BLACKWOOD, N.J. (AP) — Democratic presidential front-runner Hillary Clinton took aim at Donald Trump on taxes Wednesday and quickly found an unlikely ally: 2012 Republican nominee Mitt Romney.
Clinton noted at a New Jersey campaign rally that Trump had yet to release his tax returns and said he would slash taxes for the nation's wealthiest people if elected president. Hours later, Romney issued a withering post on Facebook, accusing Trump of hiding a damaging revelation in his tax returns.
"There is only one logical explanation for Mr. Trump's refusal to release his returns: there is a bombshell in them," Romney wrote. "Given Mr. Trump's equanimity with other flaws in his history, we can only assume it's a bombshell of unusual size."
Clinton and Romney called on Trump to release his tax returns following an Associated Press interview Tuesday, in which the presumptive Republican presidential nominee said he doesn't have an obligation to release the records and won't do so until an audit of his finances is completed.
"There's nothing to learn from them," he said in the interview.
While Trump will likely face Clinton in the general election, the Democratic front-runner took a much softer approach than Romney in New Jersey, which holds a June 7 primary. When a man in the crowd yelled, "What about his tax returns," Clinton said the nominees of both parties typically release them.
Clinton pointed out that she and her husband, former President Bill Clinton, had put out more than three decades of tax records. "You've got to ask yourself why doesn't he want to release it," she said.
The state's governor, Trump ally Chris Christie, said it was "ironic" that Clinton was talking about the issue given her use of a private email address and server while serving as secretary of state.
"I hardly believe that Hillary Clinton is in any place to be giving a critique on transparency," he said.
In challenging Trump on taxes, Clinton turned to a well-worn strategy that President Barack Obama used against Romney in 2012, pressuring him to release his personal taxes. Romney eventually made public two years of his tax returns.
Romney, who has been critical of Trump's rise in the GOP primaries, rejected Trump's reasoning for not releasing documents.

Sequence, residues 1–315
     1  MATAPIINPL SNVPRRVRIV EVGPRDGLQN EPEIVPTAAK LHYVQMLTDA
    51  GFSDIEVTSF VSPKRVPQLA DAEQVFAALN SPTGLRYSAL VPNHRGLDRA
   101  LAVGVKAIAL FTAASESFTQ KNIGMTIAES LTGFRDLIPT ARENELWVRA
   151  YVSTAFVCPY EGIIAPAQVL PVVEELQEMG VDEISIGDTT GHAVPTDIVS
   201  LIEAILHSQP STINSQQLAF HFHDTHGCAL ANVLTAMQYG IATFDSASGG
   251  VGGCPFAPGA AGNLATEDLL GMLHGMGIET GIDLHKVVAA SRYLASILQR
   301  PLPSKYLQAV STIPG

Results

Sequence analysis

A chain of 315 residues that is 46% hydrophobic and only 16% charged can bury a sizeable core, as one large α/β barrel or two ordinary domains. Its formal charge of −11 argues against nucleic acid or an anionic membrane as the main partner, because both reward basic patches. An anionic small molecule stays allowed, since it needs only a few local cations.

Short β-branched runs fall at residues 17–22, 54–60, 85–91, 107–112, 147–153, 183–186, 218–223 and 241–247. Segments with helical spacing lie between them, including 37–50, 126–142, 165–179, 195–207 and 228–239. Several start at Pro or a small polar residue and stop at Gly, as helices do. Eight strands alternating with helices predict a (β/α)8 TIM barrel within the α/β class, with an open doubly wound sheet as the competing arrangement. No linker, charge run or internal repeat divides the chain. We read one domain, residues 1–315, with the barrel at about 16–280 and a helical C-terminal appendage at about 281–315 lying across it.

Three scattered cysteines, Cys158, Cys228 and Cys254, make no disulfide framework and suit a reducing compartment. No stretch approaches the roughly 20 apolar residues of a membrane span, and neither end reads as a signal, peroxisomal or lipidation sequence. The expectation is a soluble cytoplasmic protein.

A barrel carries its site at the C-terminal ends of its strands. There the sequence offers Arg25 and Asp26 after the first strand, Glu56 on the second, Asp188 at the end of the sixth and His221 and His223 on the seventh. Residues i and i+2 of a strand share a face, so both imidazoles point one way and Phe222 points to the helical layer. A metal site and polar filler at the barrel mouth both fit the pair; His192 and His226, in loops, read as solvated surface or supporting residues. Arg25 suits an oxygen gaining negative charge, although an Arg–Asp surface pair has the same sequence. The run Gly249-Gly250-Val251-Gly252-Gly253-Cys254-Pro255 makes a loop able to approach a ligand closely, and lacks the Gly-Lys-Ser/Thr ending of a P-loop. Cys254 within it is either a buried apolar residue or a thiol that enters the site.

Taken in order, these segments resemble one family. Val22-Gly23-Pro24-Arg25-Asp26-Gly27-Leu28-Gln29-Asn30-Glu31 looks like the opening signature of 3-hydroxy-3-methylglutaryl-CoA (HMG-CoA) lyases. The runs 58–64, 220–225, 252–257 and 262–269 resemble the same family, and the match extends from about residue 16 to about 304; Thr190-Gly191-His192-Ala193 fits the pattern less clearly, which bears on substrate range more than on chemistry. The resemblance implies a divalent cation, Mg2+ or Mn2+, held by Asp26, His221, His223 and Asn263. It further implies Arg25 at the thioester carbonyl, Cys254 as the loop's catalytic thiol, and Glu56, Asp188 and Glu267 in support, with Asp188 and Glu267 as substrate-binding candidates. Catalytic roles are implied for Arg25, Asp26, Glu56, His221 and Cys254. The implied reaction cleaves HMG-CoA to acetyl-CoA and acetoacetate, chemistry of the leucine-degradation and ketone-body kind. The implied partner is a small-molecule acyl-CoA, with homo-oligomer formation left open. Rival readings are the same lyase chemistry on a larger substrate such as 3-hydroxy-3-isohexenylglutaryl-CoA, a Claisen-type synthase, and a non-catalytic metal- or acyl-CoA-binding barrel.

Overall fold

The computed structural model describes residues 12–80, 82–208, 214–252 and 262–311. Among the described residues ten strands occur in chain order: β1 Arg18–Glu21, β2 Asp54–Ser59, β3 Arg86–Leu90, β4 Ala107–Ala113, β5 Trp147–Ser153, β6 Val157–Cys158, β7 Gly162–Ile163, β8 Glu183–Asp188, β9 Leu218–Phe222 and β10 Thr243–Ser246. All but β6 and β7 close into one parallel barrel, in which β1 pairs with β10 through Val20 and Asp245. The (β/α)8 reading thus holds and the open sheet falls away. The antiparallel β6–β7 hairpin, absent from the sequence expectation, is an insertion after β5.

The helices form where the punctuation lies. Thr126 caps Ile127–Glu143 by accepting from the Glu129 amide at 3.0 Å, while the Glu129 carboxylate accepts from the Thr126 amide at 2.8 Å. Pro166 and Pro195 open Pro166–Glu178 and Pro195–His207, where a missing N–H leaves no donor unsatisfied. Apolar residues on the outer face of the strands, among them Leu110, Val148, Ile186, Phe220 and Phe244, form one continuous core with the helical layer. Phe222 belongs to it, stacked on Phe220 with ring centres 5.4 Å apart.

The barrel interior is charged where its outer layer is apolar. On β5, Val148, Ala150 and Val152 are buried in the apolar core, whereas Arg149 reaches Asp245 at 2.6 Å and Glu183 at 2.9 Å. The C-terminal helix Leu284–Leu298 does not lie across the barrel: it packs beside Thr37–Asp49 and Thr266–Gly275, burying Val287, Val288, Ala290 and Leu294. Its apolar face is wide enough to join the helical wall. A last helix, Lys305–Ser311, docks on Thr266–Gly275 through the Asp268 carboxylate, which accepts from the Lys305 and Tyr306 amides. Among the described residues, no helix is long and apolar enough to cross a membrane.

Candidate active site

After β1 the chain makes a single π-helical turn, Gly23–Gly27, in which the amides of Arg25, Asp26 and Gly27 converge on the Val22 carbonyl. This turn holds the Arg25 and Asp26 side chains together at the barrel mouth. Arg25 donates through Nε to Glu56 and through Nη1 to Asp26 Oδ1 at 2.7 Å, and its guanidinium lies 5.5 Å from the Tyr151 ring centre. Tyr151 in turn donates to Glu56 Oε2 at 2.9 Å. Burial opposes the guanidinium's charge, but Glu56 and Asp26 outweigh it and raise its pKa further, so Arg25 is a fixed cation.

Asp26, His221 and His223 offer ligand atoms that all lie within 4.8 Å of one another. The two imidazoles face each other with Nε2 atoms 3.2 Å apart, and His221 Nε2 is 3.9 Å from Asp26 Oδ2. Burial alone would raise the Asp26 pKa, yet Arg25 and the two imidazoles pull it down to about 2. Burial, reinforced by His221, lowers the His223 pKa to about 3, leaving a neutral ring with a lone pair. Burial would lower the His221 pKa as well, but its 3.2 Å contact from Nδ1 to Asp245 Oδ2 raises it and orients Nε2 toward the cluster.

"There is nothing that prevents releasing tax returns that are being audited. Further, he could release returns for the years immediately prior to the years under audit," Romney wrote.
Clinton delivered a broadside on Trump's plans for the nation's tax code, saying it would provide $3 trillion in tax cuts for those earning more than $1 million a year. She said his tax plan was "written by a billionaire for billionaires."
Trump released a tax proposal in September that would reduce the number of tax brackets to four and envisions a top income tax rate of 25 percent, down from the current 39.6 percent. Under his plan, no business of any size would pay more than 15 percent.
While low-income and middle-income earners would also pay less — couples earning $50,000 or less would send in a one-page form to the IRS declaring, "I win" — the plan would disproportionately benefit the wealthy as well as Trump himself.
Trump has recently backed away from the plan, describing it as a starting point for negotiations, and said he would try to do more to help the middle class. And he has said recently that he would support a higher rate for the wealthy than the rate he originally proposed.
Associated Press writer Michael Catalini contributed to this report from West Trenton, New Jersey.
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